FiveThirtyEight digs into data, says Evan McMullin presidency ‘unlikely, but far from impossible’

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Evan McMullin at a campaign event in Utah.

SALT LAKE CITY — A BYU graduate and Utah native running as an independent candidate isn’t on the ballot in every state, but according to analysis from he could still win the White House.

A recent poll showed McMullin in a statistical tie with Donald Trump and Hillary Clinton in Utah, and if McMullin wins the state it opens up some possibilities that are as interesting as they are unlikely.

McMullin’s path to the presidency relies on three things, according to FiveThirtyEight: win Utah, deadlock the Electoral College, and then win the resulting vote in the House of Representatives.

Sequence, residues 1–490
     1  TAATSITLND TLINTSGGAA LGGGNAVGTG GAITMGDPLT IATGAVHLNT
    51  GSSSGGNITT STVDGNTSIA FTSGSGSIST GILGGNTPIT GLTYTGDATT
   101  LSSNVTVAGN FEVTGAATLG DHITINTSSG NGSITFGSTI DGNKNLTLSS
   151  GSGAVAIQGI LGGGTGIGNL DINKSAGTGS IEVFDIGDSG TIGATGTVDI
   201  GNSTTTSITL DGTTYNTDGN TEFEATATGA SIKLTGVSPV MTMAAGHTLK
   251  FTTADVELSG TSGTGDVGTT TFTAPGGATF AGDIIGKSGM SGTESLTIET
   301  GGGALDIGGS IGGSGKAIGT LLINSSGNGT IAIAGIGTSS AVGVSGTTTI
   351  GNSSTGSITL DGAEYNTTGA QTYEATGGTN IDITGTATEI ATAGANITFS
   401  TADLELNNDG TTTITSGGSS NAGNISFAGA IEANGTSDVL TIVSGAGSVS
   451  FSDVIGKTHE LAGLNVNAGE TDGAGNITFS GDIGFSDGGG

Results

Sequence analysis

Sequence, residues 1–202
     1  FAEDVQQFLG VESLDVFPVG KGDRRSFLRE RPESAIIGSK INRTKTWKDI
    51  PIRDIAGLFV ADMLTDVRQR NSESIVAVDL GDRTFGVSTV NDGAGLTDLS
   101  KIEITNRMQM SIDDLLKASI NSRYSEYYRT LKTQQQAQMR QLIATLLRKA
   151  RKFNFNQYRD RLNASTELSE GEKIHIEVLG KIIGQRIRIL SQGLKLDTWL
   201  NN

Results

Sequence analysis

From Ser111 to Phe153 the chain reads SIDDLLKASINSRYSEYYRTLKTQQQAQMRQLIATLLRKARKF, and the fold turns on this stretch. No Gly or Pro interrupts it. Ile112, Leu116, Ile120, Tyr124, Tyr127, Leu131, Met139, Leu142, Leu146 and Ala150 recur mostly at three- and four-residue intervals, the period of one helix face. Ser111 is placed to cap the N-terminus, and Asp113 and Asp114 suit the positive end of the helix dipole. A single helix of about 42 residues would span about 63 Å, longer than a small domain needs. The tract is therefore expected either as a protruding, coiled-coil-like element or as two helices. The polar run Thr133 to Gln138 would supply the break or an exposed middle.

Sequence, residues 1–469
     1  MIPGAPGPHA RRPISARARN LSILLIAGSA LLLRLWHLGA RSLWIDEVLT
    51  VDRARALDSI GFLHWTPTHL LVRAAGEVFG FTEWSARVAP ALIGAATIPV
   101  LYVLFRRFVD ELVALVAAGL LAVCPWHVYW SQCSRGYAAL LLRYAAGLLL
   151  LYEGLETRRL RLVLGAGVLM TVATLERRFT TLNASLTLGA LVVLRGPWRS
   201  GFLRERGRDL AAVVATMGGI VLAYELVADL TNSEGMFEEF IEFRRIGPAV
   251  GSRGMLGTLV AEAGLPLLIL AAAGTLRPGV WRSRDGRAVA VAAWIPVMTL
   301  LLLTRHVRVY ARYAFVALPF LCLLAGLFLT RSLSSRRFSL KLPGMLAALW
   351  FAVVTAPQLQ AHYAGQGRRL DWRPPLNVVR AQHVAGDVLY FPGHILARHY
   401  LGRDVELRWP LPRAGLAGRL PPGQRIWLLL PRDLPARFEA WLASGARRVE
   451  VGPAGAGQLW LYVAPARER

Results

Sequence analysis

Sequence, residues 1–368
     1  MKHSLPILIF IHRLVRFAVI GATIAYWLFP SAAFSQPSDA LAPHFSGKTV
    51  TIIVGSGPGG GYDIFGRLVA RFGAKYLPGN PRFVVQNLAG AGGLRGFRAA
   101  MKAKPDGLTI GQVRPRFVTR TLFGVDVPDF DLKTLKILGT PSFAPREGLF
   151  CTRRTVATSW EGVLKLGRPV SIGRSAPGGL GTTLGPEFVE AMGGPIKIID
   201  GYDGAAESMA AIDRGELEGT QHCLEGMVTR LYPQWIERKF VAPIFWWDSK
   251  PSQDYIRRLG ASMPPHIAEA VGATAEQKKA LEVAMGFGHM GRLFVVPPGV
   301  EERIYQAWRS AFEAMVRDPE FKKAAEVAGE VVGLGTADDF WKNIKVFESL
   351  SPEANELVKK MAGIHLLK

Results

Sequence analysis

In the United States, the candidate with the most votes is not the winner. Rather, one candidate must achieve a majority of votes in the Electoral College, which is currently 270. If McMullin snapped up Utah’s six electoral votes, it could be just enough to deny Trump or Clinton that majority.

The 12th Amendment states that if no single candidate reaches the majority benchmark, the House of Representatives votes on our next president, with each state delegation getting one vote. The vote is limited to the three top candidates.

The long-shot scenario relies on some detailed statistical analysis, visit FiveThirtyEight for a complete explanation of the projection. 

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